We can even go as far as to understand this as an act of evil genius. The late Mark Fisher famously compared capitalism to the titular creature in John Carpenter’s film The Thing, depicting it as “a monstrous, infinitely plastic entity, capable of metabolizing and absorbing anything with which it comes into contact.” (Fisher, p.X). To further the analogy, the logic of the Thing is one of replication, of attacking someone (or something) and synthesising a near-perfect clone of it. The identity of the original is swiftly lost in simulation — and with it the certainty of ever knowing what is ‘real’.

Such destabilisation, as in the case of NFTs, allows value to be coded in new ways. This, of course, is the logic of capitalism, to always advance towards new growth and appreciation — to mine new value. Would these photos of Nirvana be nearly as valuable if they were exhibited in a gallery and sold as actual photos? It seems unlikely. In fact, through their mutation into NFTs, they achieve the goals of capitalist logic and accrue significantly more value. As with the Thing, assimilation is a strategy that generates more power, more security, by mounting a challenge to reality itself.

As the philosopher and theorist Jean Baudrillard writes, “throughout its history it was capital that first fed on the destructuration of every referential, of every human objective, that shattered every ideal distinction between true and false…in order to establish a radical law of equivalence and exchange” (Baudrillard, 1994).

Baudrillard sees the dead hand of capital as undermining the very possibility of the real, instead splintering it into an endless parade of interchangeable simulacra. The trade-off might be the sudden emergence of new value, as suggested above…but it comes at a terrible price. Because, from Baudrillard’s perspective — echoed in the online outrage of Nirvana fans at the news of the NFTs — this act of simulation is in fact an act of murder. The very object that the process seeks to preserve is in actuality hollowed out, suffocated, killed. The sacred is sealed in a “glass coffin”, on display for unchanging eternity, its truth forever depleted.

As we’ve already touched on, the relentless commodification of music has the propensity to overtake the music itself. The tribal identity so inherent to musical scenes, and the collective experience that articulates it, must constantly resist the contrary pressure that capital exerts in its quest to trap, encapsulate and replicate commercial success. At its most extreme this can lead to the actual abuse of performers and stars, as expressed recently in the Britney Spears conservator scandal and many other human bondage horror stories. The (sometimes unwitting) artistic genius of pop music is, aside from the music itself, its ability to dramatise this impulse — the impulse to turn human subjectivity into product. Again. And again. And again.

Does this matter? For those who feel the product is good enough, or don’t care either way, perhaps not. But from the perspective of Baudrillard and Fisher, it’s a symptom of the absolute hegemony of capitalism as an ideology — as a site of meaning. And at a deeper level, the stories and emotive experiences we engage with through culture both reflect and shape who we are. They make us feel alive; they enrich our lives. They help us to understand ourselves better.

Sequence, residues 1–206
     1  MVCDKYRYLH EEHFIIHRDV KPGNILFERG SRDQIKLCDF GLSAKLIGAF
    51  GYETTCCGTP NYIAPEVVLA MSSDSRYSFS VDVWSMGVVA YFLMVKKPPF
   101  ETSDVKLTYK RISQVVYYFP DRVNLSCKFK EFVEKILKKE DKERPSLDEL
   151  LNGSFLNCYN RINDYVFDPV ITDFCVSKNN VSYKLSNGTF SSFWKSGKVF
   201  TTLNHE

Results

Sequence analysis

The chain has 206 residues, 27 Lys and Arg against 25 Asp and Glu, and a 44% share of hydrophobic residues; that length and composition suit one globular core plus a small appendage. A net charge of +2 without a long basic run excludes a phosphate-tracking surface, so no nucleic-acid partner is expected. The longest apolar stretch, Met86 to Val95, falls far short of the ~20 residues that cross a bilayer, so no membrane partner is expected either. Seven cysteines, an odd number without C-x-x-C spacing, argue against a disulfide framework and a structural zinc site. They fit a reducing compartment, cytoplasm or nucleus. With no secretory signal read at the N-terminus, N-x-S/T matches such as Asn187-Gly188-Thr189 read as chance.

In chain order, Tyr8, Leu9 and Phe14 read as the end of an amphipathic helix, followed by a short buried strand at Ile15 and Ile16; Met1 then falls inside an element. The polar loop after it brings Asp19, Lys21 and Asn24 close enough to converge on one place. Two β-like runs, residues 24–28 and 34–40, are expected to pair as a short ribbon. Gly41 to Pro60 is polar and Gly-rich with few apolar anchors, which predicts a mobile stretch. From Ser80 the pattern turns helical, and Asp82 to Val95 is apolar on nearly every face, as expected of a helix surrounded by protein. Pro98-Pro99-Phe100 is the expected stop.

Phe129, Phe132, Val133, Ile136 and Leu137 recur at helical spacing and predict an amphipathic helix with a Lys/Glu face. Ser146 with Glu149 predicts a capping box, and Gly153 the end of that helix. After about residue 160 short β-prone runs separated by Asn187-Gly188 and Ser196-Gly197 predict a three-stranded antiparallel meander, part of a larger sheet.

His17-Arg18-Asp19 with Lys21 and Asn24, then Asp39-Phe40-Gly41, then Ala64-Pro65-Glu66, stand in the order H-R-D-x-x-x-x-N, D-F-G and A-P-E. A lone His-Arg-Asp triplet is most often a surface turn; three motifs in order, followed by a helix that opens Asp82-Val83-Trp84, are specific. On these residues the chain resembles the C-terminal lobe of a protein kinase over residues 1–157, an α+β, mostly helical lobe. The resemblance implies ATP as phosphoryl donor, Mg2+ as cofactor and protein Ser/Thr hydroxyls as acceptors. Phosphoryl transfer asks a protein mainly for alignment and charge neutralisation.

If you believe that there is something essential at play here — that your personal relationship with culture matters — that the currency of ideas is the lifeblood of our possibilities at both a personal and political level — you should care about this. Because what I’m describing here is, in the most extreme reading, a kind of soul murder. When industrial farming of culture takes over as our value determinant, as the goal we are working towards, something important is inevitably lost.

But back to Nirvana. As Baudrillard acidly claims:

“Our entire linear and accumulative culture collapses if we cannot stockpile the past in plain view…we require a visible past, a visible continuum, a visible myth of origin, which reassures us about our end” (Baudrillard, 1994).

A “visible myth of origin”…what better way to describe an NFT that validates a photograph? The source code that confirms, allowing for no uncertainty, the authenticity of a moment of frozen time.

Capital will eat itself

Aptly enough, the commodification we’re describing is precisely what happened to grunge. Within months of its recognition as an authentic scene, embodying a certain set of ideas and cultural moods, grunge fashions became the hot new thing at malls and clothing outlets across the US. The cultural moment was swiftly parroted, packaged and purchased.

And, significantly, this is in no way surprising. It’s precisely what happens to so many underground, alternative scenes at the point of popularisation. Perhaps this is the bigger point. For while it could be argued that the photographer selling the Nirvana NFTs does so in bad faith, betraying the spirit and values of the music she captured, the ugly truth is that, in a late capitalist society, this is just what happens.

Mark Fisher famously expresses this in the title of chapter 1 of Capitalist Realism, stating: ‘It’s easier to imagine the end of the world than the end of capitalism’ (Fisher, 2009).

The crowning irony is that, perhaps, the tribal impulse for renewal that music satisfies and the zombie impulse of capital are both rooted in the same essential human conflict. In both instances it is the puzzle of how we can authentify something divine, something transcendent, in a way that allows us to face death. As Baudrillard describes, the act of stockpiling the past acts as a salve for our own fragility and mortality, precisely as the killing of the divine king allowed a parallel sense of catharsis.

The key difference is that catharsis is not the same as control. The work that capital does, in this reading, is at heart a disavowal of death through the stifling of change. Which brings us to a psychoanalytic perspective of capital as being unable to mourn, unable to let go. Instead, the cultural logic we exist within clings; grasps; and finally reanimates the corpse of the moment, over and over. No matter how monstrously disfigured, no matter how depleted of meaning, it will never, ever let go.

Nick Hagan is based in Oxford, UK. As a freelance writer and editor, he is interested in ideas, psychology, philosophy, popular culture, and the interplay between them.


Baudrillard, Jean, Simulation and Simulacra (1994). Ann Arbor: University of Michigan Press.

Fisher, Mark, Capitalist Realism (2009). London: Zero Books